Popular Fashion Brand Automates Operations to Accommodate 125% Growth, Bigger RetailersPosted: 10/9/2009
| To accommodate sales growth of 125 percent in one year, clothing designer and distributor Head Gear needed to automate and streamline its warehouse operation. The company’s existing Activant Eclipse ERP system, however, lacked the functionality needed to take on new business requirements. For example, the system did not support EDI, which became a necessity as Head Gear penetrated new markets. To meet this need and others, the company deployed Microsoft Dynamics® NAV and add-ons for shipping and the fashion industry. Since then, Head Gear has automated operations and increased responsiveness to customers through EDI. The company has also driven significant improvements in productivity, resulting in a savings of more than U.S.$250,000 a year, and reduced its turnaround time for orders from three days to only one—all while handling a sales volume as large as $1 million a day.|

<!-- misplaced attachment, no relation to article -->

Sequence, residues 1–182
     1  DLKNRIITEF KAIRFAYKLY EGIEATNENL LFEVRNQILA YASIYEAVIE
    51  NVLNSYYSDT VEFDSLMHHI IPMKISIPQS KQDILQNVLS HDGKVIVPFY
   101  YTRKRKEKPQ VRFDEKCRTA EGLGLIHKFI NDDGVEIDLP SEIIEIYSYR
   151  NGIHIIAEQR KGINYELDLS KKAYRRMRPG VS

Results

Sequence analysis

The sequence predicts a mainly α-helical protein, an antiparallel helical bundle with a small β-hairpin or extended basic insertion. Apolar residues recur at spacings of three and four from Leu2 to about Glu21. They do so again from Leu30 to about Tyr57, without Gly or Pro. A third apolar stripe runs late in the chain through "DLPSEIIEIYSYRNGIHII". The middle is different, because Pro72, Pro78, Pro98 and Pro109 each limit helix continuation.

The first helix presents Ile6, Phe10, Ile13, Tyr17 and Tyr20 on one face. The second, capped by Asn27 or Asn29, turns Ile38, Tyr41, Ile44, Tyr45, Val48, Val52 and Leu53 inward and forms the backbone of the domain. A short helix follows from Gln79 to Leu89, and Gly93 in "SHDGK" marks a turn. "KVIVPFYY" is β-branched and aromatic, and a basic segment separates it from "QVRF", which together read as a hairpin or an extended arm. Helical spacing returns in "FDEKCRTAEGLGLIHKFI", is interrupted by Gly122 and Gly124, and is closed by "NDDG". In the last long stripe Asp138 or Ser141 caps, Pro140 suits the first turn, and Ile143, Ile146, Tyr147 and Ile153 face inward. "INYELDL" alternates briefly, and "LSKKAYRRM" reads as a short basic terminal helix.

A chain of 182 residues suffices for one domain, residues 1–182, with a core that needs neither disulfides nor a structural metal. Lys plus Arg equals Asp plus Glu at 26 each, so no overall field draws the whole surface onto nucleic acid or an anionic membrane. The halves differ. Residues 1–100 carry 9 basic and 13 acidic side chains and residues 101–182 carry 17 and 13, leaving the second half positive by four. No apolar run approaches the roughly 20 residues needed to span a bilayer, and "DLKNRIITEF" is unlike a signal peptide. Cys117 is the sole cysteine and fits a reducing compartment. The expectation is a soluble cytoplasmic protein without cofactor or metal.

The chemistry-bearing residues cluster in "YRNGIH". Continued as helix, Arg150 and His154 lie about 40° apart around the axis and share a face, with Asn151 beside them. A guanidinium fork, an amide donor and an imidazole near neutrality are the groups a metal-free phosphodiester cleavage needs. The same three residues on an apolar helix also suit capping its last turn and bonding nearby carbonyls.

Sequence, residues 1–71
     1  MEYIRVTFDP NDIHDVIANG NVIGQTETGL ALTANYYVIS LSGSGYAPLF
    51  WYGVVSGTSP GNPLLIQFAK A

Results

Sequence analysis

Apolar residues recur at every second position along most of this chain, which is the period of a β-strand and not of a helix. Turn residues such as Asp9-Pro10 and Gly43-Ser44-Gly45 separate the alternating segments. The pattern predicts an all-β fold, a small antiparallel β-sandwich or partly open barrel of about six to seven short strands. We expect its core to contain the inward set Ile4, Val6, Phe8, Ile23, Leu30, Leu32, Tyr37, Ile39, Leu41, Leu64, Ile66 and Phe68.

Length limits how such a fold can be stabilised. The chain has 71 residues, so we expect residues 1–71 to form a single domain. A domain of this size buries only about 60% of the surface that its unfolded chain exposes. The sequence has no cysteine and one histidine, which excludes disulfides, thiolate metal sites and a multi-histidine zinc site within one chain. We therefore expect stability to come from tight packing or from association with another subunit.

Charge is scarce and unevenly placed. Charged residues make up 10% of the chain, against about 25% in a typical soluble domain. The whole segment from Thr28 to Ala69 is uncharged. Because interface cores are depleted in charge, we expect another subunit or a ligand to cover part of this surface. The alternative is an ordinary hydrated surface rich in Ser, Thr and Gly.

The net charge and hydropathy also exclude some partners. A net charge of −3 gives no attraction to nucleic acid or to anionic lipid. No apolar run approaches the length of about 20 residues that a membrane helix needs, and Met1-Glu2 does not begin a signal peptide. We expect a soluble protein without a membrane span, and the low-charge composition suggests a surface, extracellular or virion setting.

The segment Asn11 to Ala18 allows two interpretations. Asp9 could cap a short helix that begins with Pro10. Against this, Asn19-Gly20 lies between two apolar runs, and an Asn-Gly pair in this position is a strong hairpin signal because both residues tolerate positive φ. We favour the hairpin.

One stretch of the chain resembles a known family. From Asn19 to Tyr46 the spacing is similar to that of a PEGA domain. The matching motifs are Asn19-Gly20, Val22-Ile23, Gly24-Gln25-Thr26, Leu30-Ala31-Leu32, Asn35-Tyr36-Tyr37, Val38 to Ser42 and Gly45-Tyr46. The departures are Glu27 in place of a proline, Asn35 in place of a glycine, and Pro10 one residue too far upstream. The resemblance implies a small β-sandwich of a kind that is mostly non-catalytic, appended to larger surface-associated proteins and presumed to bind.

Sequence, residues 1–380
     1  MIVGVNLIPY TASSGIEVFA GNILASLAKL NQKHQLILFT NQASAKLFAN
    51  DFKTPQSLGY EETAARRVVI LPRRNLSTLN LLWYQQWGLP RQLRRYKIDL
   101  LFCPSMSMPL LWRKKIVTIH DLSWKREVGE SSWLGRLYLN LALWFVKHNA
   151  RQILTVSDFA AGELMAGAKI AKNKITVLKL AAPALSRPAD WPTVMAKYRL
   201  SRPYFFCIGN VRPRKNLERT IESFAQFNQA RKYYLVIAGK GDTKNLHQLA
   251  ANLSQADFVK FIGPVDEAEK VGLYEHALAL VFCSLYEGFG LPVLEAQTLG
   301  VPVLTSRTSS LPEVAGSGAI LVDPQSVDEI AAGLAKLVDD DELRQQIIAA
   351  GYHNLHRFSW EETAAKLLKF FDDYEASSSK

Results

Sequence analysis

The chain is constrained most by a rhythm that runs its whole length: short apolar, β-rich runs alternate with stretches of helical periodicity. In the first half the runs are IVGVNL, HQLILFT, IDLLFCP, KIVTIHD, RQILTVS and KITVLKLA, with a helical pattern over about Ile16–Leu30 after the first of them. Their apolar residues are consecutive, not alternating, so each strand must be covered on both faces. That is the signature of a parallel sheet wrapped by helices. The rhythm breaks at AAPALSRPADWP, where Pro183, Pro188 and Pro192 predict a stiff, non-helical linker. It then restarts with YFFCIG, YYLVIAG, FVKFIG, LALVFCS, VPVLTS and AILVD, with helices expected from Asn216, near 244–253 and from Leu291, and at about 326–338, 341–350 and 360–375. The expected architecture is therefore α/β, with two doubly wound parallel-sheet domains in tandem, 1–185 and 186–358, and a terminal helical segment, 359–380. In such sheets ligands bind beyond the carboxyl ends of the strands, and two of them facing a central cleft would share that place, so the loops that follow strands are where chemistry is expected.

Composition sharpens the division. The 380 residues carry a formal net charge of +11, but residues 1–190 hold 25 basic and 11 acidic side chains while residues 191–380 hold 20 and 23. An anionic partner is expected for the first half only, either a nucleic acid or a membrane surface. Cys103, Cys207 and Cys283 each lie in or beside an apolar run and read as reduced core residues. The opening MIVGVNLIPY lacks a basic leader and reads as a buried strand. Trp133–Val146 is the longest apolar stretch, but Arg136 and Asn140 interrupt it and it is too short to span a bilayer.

In 2008, Head Gear announced record sales of U.S.$47 million, up 125 percent from $21 million the year before. With the growing popularity of its brands, Head Gear began to penetrate new markets, including leading department store chains. This rapid growth brought about new business requirements. Guy Stello, CFO of Head Gear, notes, “To compete effectively against the more established wholesalers that dominate this market, we needed to provide advanced shipping notices to let retailers prepare for new shipments and get merchandise to the floor faster.” However, the company’s Activant Eclipse enterprise resource planning system lacked the fundamental electronic data interchange (EDI) capabilities that would enable Head Gear to automate delivery of the advanced shipping notices (ASNs). “If we can’t provide ASNs, then when our goods arrive—even if perfectly—they get put aside,” says Stello. “Someone has to receive it manually; it gets to the store floor slower and we receive payment later.” Looking at its current popularity and future company growth, Head Gear also needed a system that would grow with them, specifically, to support Web sales and retail point of sale as the company expanded.